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Part I: Gatekeeper's Testimony, The Bride, The Fossil-Seeker 
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Post Part I: Gatekeeper's Testimony, The Bride, The Fossil-Seeker
Chapters 1, 2 and 3 of Part I



Tue Aug 30, 2011 6:54 pm
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Post Re: Part I: Gatekeeper's Testimony, The Bride, The Fossil-Seeker
So, The Falls starts off with what might have been the end of the story. How do you feel about this approach?
Even though we know what happens from the beginning did anyone get a sense of foreboding from Chap 2 and 3?



Tue Aug 30, 2011 6:57 pm
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Post Re: Part I: Gatekeeper's Testimony, The Bride, The Fossil-Seeker
Worked ok for me - I liked the way the story was told. Opening with the gatekeeper's take on things.



Tue Aug 30, 2011 10:16 pm
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Post Re: Part I: Gatekeeper's Testimony, The Bride, The Fossil-Seeker
Starting out with the anonymous man throwing himself over the falls was a good way to begin the story. We get right into the action. It also opens up all kinds of questions that make us want to read more.

The sense of foreboding was there in both Ariah's and Gilbert's chapters. In Ariah's chapter, she wakes up immediately knowing something is very wrong. As the chapter continues you can really feel her fear and her disgust with herself. She shows glimpses of how she wanted things to be such as seeing herself going down to find him sitting and sipping coffee, the way they would act like a normal couple. Her anguish is felt when she reads the note.

In his chapter, I love the mantra Run for you life. He kept thinking this although he was running to his death. The story really showed his disgust of her and how desperate he was.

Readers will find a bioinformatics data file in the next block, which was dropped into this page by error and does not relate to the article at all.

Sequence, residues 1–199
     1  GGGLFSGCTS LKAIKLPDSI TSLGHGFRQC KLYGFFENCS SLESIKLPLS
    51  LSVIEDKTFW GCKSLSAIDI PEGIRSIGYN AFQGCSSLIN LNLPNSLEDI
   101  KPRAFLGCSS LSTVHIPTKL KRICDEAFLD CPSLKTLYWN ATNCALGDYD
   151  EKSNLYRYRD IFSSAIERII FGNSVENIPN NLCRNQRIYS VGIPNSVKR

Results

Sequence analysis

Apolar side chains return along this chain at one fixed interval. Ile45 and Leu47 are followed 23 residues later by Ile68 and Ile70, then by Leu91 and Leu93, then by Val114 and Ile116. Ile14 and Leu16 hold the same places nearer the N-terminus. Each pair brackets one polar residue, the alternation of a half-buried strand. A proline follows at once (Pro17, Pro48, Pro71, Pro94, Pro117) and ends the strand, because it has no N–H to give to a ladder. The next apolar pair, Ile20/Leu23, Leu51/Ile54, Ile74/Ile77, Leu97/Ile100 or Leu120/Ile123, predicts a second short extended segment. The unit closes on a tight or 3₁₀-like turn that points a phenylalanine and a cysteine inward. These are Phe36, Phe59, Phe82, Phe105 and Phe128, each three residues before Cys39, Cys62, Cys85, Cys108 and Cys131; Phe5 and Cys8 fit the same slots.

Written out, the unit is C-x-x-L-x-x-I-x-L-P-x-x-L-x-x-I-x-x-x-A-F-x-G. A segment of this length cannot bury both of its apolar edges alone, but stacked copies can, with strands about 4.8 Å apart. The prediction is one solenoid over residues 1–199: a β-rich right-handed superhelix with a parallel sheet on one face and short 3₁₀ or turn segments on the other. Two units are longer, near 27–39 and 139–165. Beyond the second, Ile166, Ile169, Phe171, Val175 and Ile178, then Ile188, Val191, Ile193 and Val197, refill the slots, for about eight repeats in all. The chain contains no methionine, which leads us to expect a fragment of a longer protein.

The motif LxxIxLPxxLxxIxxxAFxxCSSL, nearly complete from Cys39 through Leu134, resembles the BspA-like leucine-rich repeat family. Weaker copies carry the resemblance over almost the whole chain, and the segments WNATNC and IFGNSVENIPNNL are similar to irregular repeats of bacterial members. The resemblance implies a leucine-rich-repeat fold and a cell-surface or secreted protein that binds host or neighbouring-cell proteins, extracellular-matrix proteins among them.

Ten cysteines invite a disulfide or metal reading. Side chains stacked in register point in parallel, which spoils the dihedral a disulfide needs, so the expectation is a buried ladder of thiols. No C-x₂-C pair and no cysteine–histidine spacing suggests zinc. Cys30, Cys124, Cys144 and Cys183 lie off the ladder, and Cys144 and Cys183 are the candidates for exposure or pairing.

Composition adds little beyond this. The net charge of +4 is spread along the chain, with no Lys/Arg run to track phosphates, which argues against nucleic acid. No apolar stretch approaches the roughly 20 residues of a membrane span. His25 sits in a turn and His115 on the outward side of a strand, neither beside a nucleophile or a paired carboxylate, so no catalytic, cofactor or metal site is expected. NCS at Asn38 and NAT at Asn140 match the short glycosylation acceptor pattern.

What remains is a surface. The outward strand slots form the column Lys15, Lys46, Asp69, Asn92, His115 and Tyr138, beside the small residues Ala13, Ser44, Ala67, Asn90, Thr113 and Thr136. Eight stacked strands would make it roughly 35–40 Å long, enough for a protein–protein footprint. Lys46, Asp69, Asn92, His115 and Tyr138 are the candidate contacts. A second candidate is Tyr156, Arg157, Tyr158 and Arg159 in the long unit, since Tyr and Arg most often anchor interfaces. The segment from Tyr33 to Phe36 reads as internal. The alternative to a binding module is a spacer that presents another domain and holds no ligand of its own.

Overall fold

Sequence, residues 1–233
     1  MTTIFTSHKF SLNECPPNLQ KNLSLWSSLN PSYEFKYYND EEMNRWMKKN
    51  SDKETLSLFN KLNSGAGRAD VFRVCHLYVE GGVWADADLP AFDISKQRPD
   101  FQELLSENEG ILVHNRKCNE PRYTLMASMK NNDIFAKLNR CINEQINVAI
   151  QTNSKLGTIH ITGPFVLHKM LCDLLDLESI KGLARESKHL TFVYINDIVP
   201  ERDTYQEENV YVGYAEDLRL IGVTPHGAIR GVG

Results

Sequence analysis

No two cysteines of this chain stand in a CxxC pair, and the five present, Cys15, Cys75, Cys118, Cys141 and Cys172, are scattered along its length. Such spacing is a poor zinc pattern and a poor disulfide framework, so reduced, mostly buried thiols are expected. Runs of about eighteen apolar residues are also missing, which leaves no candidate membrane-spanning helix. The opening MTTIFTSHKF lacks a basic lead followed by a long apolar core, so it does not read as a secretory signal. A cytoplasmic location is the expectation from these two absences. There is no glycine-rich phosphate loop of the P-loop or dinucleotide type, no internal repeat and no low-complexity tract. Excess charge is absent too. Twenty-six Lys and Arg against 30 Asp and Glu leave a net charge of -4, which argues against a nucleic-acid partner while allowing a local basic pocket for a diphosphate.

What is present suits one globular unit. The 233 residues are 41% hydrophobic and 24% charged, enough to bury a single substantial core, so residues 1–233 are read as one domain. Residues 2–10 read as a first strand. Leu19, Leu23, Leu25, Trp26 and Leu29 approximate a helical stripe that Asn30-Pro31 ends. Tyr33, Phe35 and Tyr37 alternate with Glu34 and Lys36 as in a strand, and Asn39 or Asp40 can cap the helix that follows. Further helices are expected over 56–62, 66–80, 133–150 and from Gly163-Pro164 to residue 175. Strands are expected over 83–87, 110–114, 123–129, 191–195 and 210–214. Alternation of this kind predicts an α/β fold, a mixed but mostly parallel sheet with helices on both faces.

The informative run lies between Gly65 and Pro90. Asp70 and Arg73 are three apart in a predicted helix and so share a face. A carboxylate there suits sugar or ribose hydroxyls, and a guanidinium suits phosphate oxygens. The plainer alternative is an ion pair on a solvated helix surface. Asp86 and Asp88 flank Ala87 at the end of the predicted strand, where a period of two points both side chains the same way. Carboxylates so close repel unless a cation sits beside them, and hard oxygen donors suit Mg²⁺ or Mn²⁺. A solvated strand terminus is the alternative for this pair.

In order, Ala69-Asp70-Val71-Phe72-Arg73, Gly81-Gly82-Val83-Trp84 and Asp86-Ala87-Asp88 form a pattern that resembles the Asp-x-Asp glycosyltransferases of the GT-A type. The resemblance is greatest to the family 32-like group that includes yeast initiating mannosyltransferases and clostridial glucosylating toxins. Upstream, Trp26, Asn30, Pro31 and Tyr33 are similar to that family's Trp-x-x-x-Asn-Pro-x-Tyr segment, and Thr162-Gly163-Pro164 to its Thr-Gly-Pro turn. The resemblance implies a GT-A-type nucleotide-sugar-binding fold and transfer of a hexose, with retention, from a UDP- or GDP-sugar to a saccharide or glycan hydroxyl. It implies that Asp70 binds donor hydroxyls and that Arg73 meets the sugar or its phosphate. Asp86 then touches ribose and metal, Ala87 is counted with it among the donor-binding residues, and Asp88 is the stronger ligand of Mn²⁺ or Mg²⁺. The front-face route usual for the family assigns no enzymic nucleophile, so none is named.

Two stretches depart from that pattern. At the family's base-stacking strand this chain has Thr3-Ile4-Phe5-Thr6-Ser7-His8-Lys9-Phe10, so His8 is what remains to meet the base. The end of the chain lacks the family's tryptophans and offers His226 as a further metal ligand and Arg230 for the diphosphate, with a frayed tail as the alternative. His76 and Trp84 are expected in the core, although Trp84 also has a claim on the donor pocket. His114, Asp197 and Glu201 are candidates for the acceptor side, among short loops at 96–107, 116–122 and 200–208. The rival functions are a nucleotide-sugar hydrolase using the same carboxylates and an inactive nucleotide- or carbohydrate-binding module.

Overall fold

I love the way she writes this novel. The touches of details that bring it alive.

I'm looking forward to reading more and seeing everyone's thoughts.



Thu Sep 01, 2011 12:56 pm
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Post Re: Part I: Gatekeeper's Testimony, The Bride, The Fossil-Seeker
Hey .. finally have my book so I'll be joining this discussion soon .. :D



Thu Sep 01, 2011 3:37 pm
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Post Re: Part I: Gatekeeper's Testimony, The Bride, The Fossil-Seeker
I don’t want to say too much because I will give away the story and others may not have read the upcoming chapters, but I think the gatekeeper somewhat resembles St. Peter and the Falls could symbolize the Pearly Gates … might be quite apt given that spraying water in bright sunshine has a gleaming, pearly look – of course, this could also be the River Styx and the Gates of Hell. The gatekeepers final words to the man (which he doesn’t hear) are: “Don’t do it! Mister! God damn ---“. There is ambiguity here - hell or heaven --- I think we'll see more of this theme.

I felt his ‘sockless’ flight was full of symbolism ... this isn’t just about not having time to put on his socks … this is about him leaving behind something that was once important to him, that he thought was essential to his life. Significant foreshadowing I think.